Power shortage: Many Kandahar factories closed
KANDAHAR CITY (Pajhwok): Around 200 factories have been closed in southern Kandahar province owing to insufficient power supply, rendering more than 5000 people jobless, industrialists said on Wednesday.
Accompanied by owners of ten factories, Haji Faizul Haq Mushkanai, the Kandahar Industrialists Union president and owner of a paper mill, told a press conference here on Wednesday that three megawatts of electricity was provided to the industrial park in Kandahar City against the required 10 megawatts .
Several factories in Kandahar produce cotton, cooking oil, soaps, ice, cattle food, paper, tissue papers, plastic pipes, food items and non-alcoholic drinks.
Two big diesel-run generators have been installed in Kandahar City with the help of USAID and the US army that supply electricity to the industrial park and parts of the city.
Mushkanai said after hectic efforts by his colleagues, foreign troops and other organizations provided fuel for the generators by the end of 2014.
He said the Breshna Shirkat had failed to fill the electricity supply vacuum, forcing them to shut down their factories.
He demanded the World Bank (WB) and the government address the power shortage problem to save the billions of dollars of investment.
He said many Afghans had returned from Pakistan and Iran to invest in the province by establishing factories and it was government’s responsibility to protect their capital.
Haji Baridad, another office-bearer of the union, informed most of the factories had been closed because of low power voltage.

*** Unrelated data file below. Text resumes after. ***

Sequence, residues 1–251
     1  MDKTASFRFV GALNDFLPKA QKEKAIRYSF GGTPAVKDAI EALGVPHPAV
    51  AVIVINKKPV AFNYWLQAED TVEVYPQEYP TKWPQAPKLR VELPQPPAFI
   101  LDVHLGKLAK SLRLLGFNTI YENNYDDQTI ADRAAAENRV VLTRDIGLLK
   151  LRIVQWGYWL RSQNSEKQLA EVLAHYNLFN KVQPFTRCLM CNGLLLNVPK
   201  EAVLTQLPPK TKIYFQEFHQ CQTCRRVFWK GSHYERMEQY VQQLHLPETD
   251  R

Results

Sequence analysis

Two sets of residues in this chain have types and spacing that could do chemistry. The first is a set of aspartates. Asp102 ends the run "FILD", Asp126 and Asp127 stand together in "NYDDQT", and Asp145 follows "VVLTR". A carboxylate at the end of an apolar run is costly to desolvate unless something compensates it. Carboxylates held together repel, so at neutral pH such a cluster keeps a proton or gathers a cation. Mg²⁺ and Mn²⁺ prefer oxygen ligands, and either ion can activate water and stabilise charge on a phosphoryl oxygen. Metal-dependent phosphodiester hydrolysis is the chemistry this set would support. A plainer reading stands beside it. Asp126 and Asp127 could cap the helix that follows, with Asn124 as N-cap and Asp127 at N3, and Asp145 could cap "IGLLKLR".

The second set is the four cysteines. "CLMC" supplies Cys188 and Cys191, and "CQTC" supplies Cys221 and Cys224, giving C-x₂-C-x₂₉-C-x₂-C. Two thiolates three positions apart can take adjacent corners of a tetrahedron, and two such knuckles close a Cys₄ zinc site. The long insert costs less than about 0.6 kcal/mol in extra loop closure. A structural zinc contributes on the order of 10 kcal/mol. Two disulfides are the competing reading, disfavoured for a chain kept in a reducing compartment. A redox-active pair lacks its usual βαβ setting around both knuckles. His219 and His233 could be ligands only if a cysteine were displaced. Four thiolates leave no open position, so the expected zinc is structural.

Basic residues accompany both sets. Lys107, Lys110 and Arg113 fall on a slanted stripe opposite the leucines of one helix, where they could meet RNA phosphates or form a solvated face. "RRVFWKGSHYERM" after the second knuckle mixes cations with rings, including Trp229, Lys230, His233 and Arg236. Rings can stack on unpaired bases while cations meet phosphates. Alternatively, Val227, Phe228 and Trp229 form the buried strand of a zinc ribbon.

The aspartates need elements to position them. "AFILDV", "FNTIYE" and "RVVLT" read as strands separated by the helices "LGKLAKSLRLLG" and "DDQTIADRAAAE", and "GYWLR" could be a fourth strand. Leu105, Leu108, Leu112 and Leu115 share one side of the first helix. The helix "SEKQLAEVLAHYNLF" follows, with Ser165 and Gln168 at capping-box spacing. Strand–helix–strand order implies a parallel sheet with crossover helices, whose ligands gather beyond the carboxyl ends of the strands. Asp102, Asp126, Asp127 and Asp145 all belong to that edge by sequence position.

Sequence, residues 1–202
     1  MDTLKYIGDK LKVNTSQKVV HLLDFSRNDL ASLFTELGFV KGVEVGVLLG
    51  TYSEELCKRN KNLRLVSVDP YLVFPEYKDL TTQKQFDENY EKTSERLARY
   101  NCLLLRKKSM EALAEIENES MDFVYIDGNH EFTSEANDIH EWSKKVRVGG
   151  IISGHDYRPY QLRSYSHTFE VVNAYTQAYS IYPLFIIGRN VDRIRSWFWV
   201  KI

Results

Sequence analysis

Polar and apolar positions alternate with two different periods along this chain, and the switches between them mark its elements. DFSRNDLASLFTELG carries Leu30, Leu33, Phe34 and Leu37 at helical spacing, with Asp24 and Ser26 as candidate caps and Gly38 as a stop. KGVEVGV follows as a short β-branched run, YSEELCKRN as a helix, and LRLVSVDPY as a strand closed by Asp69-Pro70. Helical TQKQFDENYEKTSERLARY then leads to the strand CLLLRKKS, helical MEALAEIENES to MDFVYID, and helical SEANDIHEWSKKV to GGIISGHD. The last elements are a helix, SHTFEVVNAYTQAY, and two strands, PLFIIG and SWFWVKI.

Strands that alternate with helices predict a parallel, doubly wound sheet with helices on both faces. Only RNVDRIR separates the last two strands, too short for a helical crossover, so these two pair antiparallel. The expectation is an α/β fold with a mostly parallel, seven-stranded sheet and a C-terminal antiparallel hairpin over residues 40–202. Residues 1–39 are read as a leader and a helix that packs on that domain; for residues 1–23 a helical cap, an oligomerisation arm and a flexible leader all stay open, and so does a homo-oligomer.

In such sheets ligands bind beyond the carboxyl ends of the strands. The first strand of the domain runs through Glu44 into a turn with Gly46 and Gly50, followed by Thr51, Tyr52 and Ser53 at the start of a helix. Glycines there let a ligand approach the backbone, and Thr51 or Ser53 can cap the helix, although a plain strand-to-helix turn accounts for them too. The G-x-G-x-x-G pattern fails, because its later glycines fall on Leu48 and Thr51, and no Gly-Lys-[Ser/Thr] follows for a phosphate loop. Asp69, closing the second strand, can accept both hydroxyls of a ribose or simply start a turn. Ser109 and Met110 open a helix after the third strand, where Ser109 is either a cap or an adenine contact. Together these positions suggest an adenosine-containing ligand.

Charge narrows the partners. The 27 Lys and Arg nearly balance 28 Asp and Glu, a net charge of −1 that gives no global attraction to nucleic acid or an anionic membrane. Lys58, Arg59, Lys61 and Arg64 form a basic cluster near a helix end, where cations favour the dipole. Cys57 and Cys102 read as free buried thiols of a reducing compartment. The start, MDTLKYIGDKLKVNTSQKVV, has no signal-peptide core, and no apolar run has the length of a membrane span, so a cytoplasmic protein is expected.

Due to the ongoing situation, he said, the industrial sector had suffered $10 million in losses and demanded the international community and the government resolve the crisis urgently.
Haji Sayed Ahmad Selab, a provincial council member, said the closing down of factories had rendered thousands of labourers jobless.
Of 33 megawatts Kandahar is supplied from the Kajaki hydropower plant, only 12 megawatts reach the province and the rest is being wasted to damaged lines.
Selab said the last 13 years saw huge amounts of money arriving, but benefited nobody. The bulk of the money, he said, was spent on purchasing fuel and generators.
He voiced support for industrialists and said a way would be found to provide electricity to the industrial park.
Eng. Sayed Rassoul, Da Afghanistan Brishna Sherkat (DABS) head in Kandahar, said demand for electricity had increased by 52 percent while the generation capacity remained the same.
He said efforts were ongoing to provide more electricity to Kandahar from the Kajaki Dam and other sources, including those in Kabul.
Kandahar normally needed 150 megawatts of electricity but it was supplied only 12 megawatt, he added.
Allah Baz, another industrialist, said power supply to their factories had been cut off since a week, creating a lot of trouble for them. He added more than 150 factories had stopped functioning at the industrial park due to power shortage.
He accused the Afghanistan Investment Support Agency (AISA) and the Ministry of Commerce of negligence and warned they would block the Kabul-Kandahar highway if their problems were not resolved.
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